By Jonny Lupsha, Wondrium Staff Writer
The Secret Service deleted texts from January 6, 2021. The inspector general from the Department of Homeland Security has said a criminal investigation is coming. Understanding obstruction of justice is crucial to forming an opinion.
On July 19, the United States Secret Service acknowledged that it had deleted texts related to the January 6th insurrection—and that they did so after Congress and federal investigators had requested the texts. It has been reported that the texts were deleted as part of a “device-replacement program” and not done maliciously. However, the deletion has raised the specter of lost evidence related to ongoing investigations into the insurrection.
On the heels of one pundit suggesting the act constituted obstruction of justice, Gladys Ayala, the Homeland Security Department’s deputy inspector general, has directed the Secret Service to stop its own internal investigation into the text erasure. Ayala said the internal investigation by the Secret Service risks interfering with a, heretofore, unannounced criminal investigation into the matter.
The public will have to wait for some time before the motives and exact nature of the deletion are determined. In the meantime, what is obstruction of justice? In his video series White Collar Criminal Law Explained, Professor Randall D. Eliason, Professorial Lecturer in Law at The George Washington University Law School, explains what obstruction is and which acts it covers.
Defining Obstruction of Justice
“The grandfather of obstruction of justice statutes is Title 18, United States Code, Section 1503,” Professor Eliason said. “That statute makes it a crime to interfere with, threaten, or harm jurors and judicial officers. It also contains a more general prohibition that has become known as the ‘omnibus clause.'”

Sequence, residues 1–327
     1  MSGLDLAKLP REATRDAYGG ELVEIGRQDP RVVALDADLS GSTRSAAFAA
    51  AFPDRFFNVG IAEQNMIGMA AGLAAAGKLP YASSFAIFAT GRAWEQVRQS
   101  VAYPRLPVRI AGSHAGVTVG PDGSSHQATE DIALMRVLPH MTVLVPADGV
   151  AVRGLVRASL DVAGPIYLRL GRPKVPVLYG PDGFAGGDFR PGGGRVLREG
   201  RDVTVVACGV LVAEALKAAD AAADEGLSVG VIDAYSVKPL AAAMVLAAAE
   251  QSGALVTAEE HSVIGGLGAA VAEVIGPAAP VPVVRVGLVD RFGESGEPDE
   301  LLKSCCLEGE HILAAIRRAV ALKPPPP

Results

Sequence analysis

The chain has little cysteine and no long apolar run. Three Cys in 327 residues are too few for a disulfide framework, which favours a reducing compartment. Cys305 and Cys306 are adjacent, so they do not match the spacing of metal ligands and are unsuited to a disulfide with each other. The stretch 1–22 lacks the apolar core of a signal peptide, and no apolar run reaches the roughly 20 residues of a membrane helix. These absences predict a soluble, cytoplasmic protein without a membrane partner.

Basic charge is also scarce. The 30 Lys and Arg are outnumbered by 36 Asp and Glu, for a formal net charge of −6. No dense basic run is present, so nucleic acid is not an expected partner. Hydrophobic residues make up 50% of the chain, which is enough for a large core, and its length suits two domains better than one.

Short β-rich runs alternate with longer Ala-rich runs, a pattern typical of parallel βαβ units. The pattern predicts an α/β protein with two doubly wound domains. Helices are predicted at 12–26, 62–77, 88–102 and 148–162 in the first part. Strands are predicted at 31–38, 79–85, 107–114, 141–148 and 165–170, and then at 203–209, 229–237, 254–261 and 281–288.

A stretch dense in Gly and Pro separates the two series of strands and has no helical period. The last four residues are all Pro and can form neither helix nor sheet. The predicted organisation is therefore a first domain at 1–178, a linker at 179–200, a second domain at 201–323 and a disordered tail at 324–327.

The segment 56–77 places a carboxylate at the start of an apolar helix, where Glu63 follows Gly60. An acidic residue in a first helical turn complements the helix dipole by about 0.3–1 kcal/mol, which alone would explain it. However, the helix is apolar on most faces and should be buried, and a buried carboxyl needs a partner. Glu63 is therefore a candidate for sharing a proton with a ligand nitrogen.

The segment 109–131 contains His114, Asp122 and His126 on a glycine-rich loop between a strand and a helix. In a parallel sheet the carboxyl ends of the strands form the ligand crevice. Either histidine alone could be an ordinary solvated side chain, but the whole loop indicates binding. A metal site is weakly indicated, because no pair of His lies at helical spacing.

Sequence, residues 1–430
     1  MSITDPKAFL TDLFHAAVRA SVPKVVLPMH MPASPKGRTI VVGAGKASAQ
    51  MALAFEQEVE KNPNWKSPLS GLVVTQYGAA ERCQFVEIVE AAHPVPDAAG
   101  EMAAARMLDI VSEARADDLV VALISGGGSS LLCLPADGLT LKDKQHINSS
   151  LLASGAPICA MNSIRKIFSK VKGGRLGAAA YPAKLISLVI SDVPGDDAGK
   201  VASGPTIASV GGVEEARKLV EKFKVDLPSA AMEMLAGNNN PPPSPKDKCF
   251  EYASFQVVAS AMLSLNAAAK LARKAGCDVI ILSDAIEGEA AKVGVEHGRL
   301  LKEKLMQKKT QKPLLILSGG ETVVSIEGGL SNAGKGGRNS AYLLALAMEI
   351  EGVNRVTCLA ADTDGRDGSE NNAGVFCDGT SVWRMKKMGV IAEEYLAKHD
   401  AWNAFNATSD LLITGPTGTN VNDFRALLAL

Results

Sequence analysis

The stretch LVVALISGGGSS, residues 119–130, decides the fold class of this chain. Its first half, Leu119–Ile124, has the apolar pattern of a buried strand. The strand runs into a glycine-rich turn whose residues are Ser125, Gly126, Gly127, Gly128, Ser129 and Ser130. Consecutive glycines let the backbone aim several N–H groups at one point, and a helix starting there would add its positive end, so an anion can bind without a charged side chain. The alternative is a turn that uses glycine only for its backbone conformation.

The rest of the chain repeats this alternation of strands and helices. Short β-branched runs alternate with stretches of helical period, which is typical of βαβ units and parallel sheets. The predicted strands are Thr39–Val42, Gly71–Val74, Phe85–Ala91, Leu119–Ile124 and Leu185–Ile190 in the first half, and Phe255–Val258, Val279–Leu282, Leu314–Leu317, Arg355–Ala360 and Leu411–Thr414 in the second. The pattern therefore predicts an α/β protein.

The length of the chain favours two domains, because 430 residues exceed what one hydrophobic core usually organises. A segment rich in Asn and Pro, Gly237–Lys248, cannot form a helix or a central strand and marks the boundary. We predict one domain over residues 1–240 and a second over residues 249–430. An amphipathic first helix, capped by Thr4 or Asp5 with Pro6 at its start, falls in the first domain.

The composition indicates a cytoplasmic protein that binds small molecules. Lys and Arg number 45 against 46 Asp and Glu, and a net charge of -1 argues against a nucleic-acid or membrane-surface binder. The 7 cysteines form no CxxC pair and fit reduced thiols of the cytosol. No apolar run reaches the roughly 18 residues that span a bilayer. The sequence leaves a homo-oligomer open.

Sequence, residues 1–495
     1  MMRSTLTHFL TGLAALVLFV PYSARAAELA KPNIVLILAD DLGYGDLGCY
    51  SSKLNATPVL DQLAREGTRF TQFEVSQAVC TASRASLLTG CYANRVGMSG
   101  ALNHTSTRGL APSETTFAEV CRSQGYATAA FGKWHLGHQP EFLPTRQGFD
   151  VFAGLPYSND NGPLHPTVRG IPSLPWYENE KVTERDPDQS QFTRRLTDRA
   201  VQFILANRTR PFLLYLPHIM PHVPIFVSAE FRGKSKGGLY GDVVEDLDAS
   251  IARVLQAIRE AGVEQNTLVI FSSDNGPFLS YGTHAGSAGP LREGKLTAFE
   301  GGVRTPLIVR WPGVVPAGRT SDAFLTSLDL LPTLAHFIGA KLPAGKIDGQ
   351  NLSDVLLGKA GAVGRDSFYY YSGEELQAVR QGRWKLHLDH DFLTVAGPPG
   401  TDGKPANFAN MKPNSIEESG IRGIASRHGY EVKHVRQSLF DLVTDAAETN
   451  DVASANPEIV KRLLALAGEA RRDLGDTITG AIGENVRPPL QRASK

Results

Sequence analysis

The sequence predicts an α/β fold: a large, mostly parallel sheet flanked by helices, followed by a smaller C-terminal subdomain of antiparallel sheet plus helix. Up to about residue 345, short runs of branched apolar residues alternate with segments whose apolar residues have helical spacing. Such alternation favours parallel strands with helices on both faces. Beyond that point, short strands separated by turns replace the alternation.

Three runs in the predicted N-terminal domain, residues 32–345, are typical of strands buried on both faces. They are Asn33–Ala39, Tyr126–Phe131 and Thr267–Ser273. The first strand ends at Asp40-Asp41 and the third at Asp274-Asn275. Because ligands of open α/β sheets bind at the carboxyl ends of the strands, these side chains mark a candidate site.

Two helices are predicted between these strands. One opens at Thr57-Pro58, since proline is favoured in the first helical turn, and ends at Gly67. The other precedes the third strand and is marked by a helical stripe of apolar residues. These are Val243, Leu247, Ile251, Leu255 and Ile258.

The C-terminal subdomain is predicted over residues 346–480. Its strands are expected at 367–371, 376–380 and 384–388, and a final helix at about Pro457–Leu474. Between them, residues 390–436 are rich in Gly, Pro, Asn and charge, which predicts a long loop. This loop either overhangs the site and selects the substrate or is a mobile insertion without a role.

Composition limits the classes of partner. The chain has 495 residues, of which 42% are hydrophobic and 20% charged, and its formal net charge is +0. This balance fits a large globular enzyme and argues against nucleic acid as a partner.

The so-called “omnibus clause” that contains the catch-all prohibition of obstruction also punishes anyone who “corruptly or by threats or force, or by any threatening letter or communication, influences, obstructs, or impedes, or endeavors to influence, obstruct, or impede, the due administration of justice.”
A new section to the U.S. Code pertaining to obstruction of justice, Section 1512 of Title 18, was added in 2002 in the wake of the Enron and Worldcom scandals, providing another catch-all prohibition. It widened the net to include anyone who corruptly “obstructs, influences, or impedes any official proceeding, or attempts to do so.”
This Is Normal, I Promise
Many acts done with “corrupt intent” may become crimes.
“I have the right to throw my laptop in the river if I want to; although, I might risk being charged with littering,” Professor Eliason said. “But if I do it in order to destroy the files that have been subpoenaed by a grand jury, that otherwise lawful act is now done with corrupt intent and may be obstruction of justice.”
In the weeks leading up to a formal subpoena from the SEC, Enron auditor Arthur Andersen had paper shredders running around the clock to destroy millions of pages of Enron documents. Andersen and others told employees they were just following their internal “document retention policy.”
He was indicted and convicted at trial, but he appealed and the U.S. Supreme Court reversed his conviction on grounds that the jury hadn’t been properly instructed on the requirement of “corrupt intent” in an obstruction case. In other words, someone forgot to instruct the jury that Anderson’s involvement in the shredding was done with corrupt intent. It was instructed only to determine if Andersen had sought to “subvert, undermine, or impede” any investigation into Enron.
If the Secret Service’s text deletion ever goes to trial, proving corrupt intent will be the prosecution’s responsibility.
White Collar Criminal Law Explained is now available to stream on Wondrium.